Beyonce brought all of her flawless fierceness and slaying to San Diego when her Formation Tour stopped in to say hello on May 12, 2016. I, along with my family and 50,000 others were in the crowd.
I never know what to expect when I go to these massive stadium shows. The beauty of attending a live music act is to share a space with an artist and others around you that share the same love for that artist. It’s the ability to connect with someone who we may only know through a computer screen, an Instagram account or sounds of the radio.
But in a stadium, the connection is so physically difficult. The artist is yards away, appearing no larger than a postage stamp. I’m more connected to the men’s bathroom -- which was about 5 paces away -- than I am to the Queen Bey.
But this is Beyonce. Sasha Fierce. One of a short list of entertainers who can stand out in a sea of dancers, a collection of a million LED lights and a stage filled with production technology that I can only imagine must be equivalent to the cost of several acres of coastal property in La Jolla, Calif.
I mean, no joke, part of her stage -- which I’m guessing took up slightly over ⅓ of the Qualcomm Stadium field -- LITERALLY TURNED INTO WATER. The Queen and her dancers walked/danced on water. WTF??!!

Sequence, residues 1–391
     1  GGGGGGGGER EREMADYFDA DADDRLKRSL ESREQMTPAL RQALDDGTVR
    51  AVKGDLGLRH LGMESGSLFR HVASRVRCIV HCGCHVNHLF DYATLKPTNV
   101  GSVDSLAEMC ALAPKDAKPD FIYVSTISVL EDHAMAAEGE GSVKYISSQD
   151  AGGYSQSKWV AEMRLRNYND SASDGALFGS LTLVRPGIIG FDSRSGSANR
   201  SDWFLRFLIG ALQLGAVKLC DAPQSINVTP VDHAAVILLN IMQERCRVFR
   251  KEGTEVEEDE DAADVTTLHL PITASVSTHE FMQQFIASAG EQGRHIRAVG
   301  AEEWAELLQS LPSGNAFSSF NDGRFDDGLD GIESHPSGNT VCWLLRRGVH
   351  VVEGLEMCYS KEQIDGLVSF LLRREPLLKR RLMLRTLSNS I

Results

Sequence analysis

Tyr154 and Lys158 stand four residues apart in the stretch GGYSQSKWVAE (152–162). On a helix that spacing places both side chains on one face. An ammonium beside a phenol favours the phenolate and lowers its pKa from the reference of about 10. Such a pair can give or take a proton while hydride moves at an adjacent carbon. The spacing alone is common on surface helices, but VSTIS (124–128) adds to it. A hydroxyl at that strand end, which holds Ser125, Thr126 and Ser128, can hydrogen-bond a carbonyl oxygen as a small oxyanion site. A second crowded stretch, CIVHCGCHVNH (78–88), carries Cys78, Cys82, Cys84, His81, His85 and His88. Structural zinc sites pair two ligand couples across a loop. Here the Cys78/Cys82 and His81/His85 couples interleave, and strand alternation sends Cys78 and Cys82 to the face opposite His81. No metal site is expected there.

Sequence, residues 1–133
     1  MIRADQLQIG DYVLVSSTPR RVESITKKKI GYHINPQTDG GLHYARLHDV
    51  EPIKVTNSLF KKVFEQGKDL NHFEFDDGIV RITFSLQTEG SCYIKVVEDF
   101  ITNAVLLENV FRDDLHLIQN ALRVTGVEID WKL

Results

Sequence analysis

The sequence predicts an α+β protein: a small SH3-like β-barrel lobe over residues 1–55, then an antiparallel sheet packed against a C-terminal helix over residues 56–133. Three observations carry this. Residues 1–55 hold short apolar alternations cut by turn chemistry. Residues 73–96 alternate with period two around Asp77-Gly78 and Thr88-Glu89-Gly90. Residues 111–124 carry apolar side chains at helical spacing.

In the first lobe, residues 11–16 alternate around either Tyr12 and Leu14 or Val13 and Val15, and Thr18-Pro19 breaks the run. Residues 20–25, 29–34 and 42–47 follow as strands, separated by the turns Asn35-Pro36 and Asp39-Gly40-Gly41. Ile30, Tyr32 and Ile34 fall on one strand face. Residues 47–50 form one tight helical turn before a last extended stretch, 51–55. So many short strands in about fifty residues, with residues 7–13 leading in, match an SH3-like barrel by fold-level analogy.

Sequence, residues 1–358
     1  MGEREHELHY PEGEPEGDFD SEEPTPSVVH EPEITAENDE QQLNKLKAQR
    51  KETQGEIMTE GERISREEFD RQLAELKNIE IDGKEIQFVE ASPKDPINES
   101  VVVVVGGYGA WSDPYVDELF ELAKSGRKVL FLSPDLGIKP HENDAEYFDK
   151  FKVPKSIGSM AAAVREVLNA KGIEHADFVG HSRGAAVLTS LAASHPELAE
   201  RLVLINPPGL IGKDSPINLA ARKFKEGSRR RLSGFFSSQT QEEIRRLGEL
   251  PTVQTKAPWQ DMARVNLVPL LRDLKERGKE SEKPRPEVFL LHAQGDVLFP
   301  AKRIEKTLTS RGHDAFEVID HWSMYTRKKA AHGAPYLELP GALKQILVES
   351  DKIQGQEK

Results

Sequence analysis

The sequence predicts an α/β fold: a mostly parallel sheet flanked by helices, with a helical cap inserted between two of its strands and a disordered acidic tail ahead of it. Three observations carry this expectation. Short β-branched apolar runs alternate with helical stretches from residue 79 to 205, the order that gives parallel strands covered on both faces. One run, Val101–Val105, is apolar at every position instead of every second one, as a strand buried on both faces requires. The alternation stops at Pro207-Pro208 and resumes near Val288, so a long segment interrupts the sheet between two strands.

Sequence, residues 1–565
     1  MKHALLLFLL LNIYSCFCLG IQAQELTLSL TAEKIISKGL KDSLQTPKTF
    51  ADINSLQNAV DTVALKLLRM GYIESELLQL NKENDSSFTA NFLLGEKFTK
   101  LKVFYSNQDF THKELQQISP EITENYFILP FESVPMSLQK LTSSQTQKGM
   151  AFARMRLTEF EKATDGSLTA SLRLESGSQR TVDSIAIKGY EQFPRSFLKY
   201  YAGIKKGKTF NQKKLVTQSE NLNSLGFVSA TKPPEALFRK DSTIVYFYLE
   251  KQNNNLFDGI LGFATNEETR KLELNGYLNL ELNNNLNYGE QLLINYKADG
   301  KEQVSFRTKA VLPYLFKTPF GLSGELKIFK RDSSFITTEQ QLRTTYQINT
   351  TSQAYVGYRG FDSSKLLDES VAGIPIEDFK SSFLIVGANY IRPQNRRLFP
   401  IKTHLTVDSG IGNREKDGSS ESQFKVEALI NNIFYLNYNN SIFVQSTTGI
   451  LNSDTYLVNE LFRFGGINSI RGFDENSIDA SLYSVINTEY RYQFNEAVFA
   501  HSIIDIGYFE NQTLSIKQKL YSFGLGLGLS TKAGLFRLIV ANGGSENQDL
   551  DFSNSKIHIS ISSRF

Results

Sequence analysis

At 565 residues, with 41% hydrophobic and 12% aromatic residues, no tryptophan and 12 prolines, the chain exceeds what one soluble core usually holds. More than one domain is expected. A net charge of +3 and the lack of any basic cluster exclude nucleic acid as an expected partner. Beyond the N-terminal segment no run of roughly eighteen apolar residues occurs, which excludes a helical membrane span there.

If there is a way to connect with an audience in the same way you would during an acoustic set at coffee shop, Beyonce somehow finds a way to do it.
Here I was being blasted with a setlist of songs, of which just a handful I was familiar with, yet I was so engaged.
And just past the halfway point, I realized what was drawing me in. After about the 37th time of Bey asking for the ladies to give themselves a shout out. For being okay for “waking up like this.” For being okay with being independent. For being okay with empowerment.
If the Spice Girls were about girl power, then Beyonce is girl powerized.
You see, I have a daughter. And everyday I watch as she continues to grow into her own self. Realizing what self worth is and why positive self worth is the thing that will help define her. It is that strong spirit I am most proud to see her nurture within herself.
Raising a girl puts me more in tune with examples of strong, take no BS women. Because my daughter, nor Beyonce, seems to be those type of females.
On this night, through music, sound and visual, Beyonce connected with me and exemplified what it means to be strong.
I realize I don’t know a whole lot about her outside of the music world. In fact, most of her music that really “speaks” to women naturally never spoke to me. Yet, I still enjoy the music, I mean who doesn’t bounce to “Love On Top?”
If Beyonce is going to be one -- not the sole one -- but one example of a strong women that my daughter looks up to then I’m good with it.
Beyonce is a women that stands tall, with flawless hair whipping so perfectly as a strategically placed fan blows wind through it while executing perfect booty shakes and dance moves in ankle deep water. She is a woman who is a working mother, a business woman and a philanthropist.
Beyonce certainly is a controversial figure to many ... but, then again most shit disturbers are.